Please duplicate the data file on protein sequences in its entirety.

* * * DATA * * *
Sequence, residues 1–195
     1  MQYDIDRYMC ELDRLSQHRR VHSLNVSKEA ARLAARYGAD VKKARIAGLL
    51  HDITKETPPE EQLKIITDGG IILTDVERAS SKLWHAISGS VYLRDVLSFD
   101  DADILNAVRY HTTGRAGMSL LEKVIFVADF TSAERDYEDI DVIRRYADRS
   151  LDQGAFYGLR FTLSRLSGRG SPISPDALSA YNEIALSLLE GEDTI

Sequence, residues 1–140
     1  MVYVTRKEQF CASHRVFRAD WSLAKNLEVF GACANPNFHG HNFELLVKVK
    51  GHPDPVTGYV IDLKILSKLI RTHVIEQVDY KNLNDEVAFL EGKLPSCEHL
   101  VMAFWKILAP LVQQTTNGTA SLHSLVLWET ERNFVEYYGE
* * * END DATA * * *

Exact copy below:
Sequence, residues 1–195
     1  MQYDIDRYMC ELDRLSQHRR VHSLNVSKEA ARLAARYGAD VKKARIAGLL
    51  HDITKETPPE EQLKIITDGG IILTDVERAS SKLWHAISGS VYLRDVLSFD
   101  DADILNAVRY HTTGRAGMSL LEKVIFVADF TSAERDYEDI DVIRRYADRS
   151  LDQGAFYGLR FTLSRLSGRG SPISPDALSA YNEIALSLLE GEDTI

Sequence, residues 1–140
     1  MVYVTRKEQF CASHRVFRAD WSLAKNLEVF GACANPNFHG HNFELLVKVK
    51  GHPDPVTGYV IDLKILSKLI RTHVIEQVDY KNLNDEVAFL EGKLPSCEHL
   101  VMAFWKILAP LVQQTTNGTA SLHSLVLWET ERNFVEYYGE